The Mission Economic Development Agency is moving in on the vacant lot at the corner of 22nd and Mission streets — the site of a February 2015 fire that killed one person and displaced some 60 residents and businesses.
The damaged building has since been demolished, leaving a rare — and very large — empty piece of land that is ripe for development on one of the neighborhood’s busiest corridors.
In January, MEDA signed an agreement that gave it the “first right of refusal” on the property — meaning that the owner of the property, Hawk Lou, cannot sell the property before giving MEDA the opportunity to match the offer.
Neither side offered details of their ongoing negotiations, but in August 2015, Lou was considering a $20 million offer that then fell through.
Lou’s family bought the property on 22nd street in 1990 for around $4 million.
When asked about the agreement, the nonprofit’s Director of Community real estate, Karoleen Feng, said in an email that MEDA has made “several” offers on the building, but “an agreement has yet to be reached.”
“We currently have a new offer in for this lot and hope that will be accepted,” she said.
She said that MEDA wants to build a 100 percent affordable housing development on the site.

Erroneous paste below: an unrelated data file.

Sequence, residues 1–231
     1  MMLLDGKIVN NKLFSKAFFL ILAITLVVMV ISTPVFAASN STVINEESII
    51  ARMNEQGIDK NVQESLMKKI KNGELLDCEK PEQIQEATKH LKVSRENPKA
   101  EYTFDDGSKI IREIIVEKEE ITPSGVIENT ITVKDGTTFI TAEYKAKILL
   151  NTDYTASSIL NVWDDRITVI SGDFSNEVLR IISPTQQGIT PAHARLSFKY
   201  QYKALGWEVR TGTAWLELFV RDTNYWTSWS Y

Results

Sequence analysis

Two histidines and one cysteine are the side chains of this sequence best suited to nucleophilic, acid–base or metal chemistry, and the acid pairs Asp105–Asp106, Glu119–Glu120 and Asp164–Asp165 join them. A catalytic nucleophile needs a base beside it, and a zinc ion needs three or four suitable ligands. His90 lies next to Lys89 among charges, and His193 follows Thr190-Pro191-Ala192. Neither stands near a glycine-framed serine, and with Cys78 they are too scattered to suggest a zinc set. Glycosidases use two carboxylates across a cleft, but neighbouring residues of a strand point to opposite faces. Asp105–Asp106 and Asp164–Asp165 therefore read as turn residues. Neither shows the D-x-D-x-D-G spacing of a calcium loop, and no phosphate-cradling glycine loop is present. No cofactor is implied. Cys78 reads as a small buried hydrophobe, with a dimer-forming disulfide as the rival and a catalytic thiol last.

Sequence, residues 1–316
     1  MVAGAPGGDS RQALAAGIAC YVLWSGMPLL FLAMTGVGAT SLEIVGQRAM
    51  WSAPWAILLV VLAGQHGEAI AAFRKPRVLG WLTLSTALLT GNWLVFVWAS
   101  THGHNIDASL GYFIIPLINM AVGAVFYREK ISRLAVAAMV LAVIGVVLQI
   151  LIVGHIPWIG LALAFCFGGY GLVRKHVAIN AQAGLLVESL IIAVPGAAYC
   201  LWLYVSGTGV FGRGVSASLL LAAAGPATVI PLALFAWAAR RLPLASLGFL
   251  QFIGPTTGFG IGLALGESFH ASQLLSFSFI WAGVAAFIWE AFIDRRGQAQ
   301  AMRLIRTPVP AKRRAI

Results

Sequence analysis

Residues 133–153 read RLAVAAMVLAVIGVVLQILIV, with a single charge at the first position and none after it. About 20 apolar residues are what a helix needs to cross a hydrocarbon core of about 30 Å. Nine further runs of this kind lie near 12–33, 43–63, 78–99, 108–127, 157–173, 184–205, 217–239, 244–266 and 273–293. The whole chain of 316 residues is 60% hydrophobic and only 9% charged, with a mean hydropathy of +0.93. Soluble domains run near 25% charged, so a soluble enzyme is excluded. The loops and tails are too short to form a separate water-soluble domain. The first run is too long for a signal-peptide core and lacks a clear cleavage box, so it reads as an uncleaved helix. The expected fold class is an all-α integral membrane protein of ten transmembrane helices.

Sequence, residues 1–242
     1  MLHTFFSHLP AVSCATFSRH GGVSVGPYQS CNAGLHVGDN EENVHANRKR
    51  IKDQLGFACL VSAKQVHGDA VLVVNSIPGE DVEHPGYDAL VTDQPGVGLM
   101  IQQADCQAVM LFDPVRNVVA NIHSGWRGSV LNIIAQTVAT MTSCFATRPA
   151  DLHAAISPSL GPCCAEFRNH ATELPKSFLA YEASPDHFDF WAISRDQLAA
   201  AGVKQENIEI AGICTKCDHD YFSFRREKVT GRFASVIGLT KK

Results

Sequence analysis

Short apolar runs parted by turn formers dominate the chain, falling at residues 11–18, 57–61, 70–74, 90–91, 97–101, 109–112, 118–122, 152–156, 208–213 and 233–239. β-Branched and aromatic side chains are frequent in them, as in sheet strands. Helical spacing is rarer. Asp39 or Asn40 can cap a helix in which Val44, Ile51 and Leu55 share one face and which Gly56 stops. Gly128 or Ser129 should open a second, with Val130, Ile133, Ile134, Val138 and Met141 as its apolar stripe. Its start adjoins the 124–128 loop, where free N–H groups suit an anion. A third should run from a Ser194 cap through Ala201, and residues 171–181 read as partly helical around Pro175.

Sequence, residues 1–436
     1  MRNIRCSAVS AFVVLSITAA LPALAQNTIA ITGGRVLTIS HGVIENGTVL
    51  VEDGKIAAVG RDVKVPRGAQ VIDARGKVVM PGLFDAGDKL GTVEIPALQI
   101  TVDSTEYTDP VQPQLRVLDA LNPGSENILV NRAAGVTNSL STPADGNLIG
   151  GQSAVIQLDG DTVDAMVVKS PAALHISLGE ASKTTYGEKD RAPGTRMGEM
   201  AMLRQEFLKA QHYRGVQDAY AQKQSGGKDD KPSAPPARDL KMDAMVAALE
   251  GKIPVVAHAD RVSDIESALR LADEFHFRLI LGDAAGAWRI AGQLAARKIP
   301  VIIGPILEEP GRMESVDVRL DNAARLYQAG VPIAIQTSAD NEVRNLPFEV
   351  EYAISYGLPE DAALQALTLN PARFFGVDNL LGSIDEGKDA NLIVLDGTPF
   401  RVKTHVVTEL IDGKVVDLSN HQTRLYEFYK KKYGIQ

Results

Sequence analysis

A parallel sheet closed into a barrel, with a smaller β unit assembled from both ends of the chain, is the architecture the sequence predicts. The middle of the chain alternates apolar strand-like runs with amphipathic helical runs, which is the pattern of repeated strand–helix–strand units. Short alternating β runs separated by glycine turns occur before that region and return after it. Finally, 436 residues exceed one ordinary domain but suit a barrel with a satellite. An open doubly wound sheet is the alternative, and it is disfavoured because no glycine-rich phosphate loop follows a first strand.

“MEDA’s goal is for the former residents and family-serving businesses — all displaced by the devastating January 2015 fire — to be able to return to their longtime homes, which is their legal right,” Feng said.
The Mission-based nonprofit, which in only a few years has become a small real estate empire, received the first right to buy the property from Kevin R. Strain, a property owner who sold MEDA a building at the corner of 17th and Mission for $7.75 million.
Strain granted MEDA the first right of refusal on that property before MEDA made the purchase in January.
Hawk Lou, the embattled owner of the 22nd and Mission property — and who owns some 19 properties around the city with an assessed value of around $15.3 million — did not respond to Mission Local’s requests for comment.
Disclosure: Mission Local rents office space from MEDA. It was also a tenant of the building destroyed in the 2015 fire.